10 Great Property Insurance Tips for Landlords to Save You Cash, Headaches, and Time

10 Great Property Insurance Tips for Landlords to Save You Cash, Headaches, and Time

3 min read
Kevin Perk

Kevin Perk is a full-time buy and hold and fix and flip real estate investor with over 15 years of experience. He and his wife Terron operate Kevron Properties, LLC, a boutique real estate investing company in Memphis, Tenn.

Experience
Kevin was a past president and is a current board member of the Memphis Investors Group. He’s also a blogger and writer who has authored hundreds of real estate investing articles on BiggerPockets and his own blog, SmarterLandlording.com, some of which have been featured on The Motley Fool and MONEY: Personal Finance News & Advice.

Kevin is also host of the SmarterLandlording podcast.

Originally from the Washington D.C. area, Kevin moved to Memphis to attend graduate school at The University of Memphis. After receiving his master’s degree in City and Regional Planning, Kevin climbed the planning career ladder to eventually become planning director of a county in the Memphis metro area. He “retired” from planning in 2003 to pursue real estate investing full-time.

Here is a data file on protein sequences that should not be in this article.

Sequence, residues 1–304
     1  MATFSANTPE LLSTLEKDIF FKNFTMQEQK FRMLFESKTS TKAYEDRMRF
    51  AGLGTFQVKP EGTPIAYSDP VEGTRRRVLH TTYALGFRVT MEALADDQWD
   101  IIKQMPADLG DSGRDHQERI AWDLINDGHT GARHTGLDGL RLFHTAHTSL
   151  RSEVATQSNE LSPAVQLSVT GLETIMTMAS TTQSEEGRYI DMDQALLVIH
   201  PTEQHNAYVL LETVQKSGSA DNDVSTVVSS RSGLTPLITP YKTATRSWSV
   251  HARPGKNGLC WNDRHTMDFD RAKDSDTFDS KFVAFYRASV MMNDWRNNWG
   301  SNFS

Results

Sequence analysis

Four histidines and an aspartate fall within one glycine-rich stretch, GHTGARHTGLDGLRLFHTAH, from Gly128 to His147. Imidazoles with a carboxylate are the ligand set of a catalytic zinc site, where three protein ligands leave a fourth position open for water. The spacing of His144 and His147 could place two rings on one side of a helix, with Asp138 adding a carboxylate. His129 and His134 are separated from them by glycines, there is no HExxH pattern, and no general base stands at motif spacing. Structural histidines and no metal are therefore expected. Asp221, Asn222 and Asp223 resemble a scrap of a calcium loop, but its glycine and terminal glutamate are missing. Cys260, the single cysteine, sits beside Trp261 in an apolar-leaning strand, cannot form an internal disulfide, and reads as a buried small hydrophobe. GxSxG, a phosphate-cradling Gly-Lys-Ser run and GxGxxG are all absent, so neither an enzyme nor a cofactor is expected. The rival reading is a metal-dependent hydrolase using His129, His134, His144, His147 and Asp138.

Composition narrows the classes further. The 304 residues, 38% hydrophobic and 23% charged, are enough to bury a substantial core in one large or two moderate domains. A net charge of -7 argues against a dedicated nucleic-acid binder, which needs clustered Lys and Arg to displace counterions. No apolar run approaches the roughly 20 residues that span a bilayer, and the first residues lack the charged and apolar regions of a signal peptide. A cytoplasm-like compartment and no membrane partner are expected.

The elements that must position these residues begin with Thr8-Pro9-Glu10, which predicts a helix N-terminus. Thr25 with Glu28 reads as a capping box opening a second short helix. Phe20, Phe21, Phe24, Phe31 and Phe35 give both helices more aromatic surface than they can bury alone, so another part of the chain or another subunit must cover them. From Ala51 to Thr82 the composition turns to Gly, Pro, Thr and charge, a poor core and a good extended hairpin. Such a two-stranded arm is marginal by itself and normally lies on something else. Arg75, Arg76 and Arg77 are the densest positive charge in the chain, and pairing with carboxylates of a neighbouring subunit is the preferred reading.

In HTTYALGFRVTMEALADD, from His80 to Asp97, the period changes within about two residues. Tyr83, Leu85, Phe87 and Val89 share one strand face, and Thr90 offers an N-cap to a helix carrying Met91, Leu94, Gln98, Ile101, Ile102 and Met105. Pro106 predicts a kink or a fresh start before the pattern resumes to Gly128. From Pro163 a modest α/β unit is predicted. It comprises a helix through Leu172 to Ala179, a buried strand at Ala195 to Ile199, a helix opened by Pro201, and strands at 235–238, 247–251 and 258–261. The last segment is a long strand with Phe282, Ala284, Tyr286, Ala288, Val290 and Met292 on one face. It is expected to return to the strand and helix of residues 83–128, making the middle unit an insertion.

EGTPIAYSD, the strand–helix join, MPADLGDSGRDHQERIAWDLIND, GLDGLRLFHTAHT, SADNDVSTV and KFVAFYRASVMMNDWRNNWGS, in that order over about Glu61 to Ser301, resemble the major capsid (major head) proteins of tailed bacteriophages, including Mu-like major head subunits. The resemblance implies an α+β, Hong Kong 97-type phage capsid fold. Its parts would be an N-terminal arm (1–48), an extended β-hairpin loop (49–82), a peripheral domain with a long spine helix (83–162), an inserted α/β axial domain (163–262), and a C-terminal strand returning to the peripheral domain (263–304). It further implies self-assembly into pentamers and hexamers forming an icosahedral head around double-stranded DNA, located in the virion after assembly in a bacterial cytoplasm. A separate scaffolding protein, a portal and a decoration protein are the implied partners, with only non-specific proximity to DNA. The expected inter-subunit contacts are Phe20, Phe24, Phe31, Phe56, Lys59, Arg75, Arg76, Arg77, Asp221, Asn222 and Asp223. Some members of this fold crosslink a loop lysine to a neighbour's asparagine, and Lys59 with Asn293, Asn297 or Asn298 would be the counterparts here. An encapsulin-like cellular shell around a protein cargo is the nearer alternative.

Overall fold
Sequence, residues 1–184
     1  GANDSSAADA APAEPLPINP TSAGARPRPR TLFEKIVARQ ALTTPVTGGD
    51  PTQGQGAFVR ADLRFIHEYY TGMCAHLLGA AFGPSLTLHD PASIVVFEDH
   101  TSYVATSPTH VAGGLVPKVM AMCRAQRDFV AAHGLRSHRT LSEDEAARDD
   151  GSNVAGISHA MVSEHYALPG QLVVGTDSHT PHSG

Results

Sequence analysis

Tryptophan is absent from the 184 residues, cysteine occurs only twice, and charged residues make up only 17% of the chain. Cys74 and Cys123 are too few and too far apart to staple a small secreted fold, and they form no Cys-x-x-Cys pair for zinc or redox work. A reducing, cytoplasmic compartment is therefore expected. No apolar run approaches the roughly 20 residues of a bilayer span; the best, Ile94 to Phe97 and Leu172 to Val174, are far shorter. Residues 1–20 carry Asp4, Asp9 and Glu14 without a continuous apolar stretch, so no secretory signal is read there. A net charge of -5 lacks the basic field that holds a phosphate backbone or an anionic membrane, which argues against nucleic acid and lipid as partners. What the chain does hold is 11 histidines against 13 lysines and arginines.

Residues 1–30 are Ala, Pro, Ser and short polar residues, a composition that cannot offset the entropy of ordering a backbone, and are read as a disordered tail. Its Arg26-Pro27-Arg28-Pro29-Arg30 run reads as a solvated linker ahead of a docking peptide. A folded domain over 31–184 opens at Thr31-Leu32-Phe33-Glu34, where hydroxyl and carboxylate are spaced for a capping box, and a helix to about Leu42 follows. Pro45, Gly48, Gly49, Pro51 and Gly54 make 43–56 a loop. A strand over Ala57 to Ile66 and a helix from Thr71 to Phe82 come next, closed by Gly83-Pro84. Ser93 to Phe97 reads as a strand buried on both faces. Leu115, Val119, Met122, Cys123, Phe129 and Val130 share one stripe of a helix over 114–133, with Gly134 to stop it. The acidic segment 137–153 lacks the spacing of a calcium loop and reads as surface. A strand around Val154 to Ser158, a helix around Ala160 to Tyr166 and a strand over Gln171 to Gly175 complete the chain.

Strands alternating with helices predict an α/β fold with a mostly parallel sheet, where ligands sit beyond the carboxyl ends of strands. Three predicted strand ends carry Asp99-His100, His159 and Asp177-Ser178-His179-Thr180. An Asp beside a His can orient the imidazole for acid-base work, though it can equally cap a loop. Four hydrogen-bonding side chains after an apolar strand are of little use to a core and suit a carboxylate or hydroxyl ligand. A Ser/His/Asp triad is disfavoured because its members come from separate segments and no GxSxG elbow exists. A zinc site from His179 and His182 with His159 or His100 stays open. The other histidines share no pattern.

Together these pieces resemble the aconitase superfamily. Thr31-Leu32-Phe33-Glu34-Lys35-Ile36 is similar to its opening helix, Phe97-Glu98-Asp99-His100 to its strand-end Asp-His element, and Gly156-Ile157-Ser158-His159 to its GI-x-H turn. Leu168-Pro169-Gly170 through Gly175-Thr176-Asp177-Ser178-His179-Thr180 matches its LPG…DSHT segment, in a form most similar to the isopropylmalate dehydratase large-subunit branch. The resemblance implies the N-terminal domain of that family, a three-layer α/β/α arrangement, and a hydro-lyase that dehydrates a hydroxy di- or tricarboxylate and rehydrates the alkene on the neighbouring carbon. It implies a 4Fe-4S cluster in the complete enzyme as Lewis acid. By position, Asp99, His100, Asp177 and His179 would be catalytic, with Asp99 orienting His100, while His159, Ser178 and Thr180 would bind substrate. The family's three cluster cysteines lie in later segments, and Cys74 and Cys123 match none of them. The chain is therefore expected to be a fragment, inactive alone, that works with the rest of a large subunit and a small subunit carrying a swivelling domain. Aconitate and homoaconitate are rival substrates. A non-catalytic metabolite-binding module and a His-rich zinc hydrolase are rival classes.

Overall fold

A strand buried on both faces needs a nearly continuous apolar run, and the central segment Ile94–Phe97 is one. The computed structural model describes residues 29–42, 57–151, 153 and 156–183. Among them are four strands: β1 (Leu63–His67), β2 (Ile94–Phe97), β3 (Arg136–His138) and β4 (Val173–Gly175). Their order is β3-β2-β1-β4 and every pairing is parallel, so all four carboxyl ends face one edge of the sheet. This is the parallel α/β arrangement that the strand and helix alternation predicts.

Since “retiring,” Kevin’s main real estate investment strategy has been to buy and hold, otherwise known as landlording. Generally working in historic Midtown Memphis, Kevin is also known to fix and flip grand, historic homes when the right opportunity presents itself. He and his wife Terron (who is the principal broker at Perk Realty) have participated in dozens of real estate transactions in the Memphis metro area.

Kevin has the heart of a teacher and believes in helping others through education. An instructor of college-level geography for over 25 years, Kevin also regularly participates in seminars and panel discussions at such forums as the Memphis Investor’s Group and the Single-Family Rental Summit.

In addition, Kevin has been interviewed in publications such as the Memphis Commercial Appeal, the Memphis Daily News, and the Foreclosure News Report.

Education
Kevin earned a master’s in City and Regional Planning from The University of Memphis.

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Insurance is one of those pieces of being a landlord that can make you pull your hair out.

It starts off easy enough.  When you purchase your first couple of rental properties getting insurance is generally no problem.

Often you can go to the agent that provides your homeowners or automobile policy and get coverage for a reasonable price.

Things begin to change however as you build your portfolio.  Once you acquire four, five or more properties you really do not fit the mold anymore, and you begin to be seen as a risk.  It is at this point that insurance problems begin to arise.

Suddenly, without ever filing a claim your rates double.  Or, even better, you get the notice that the company is dropping your coverage.  I once had a company drop me only 10 days after I closed!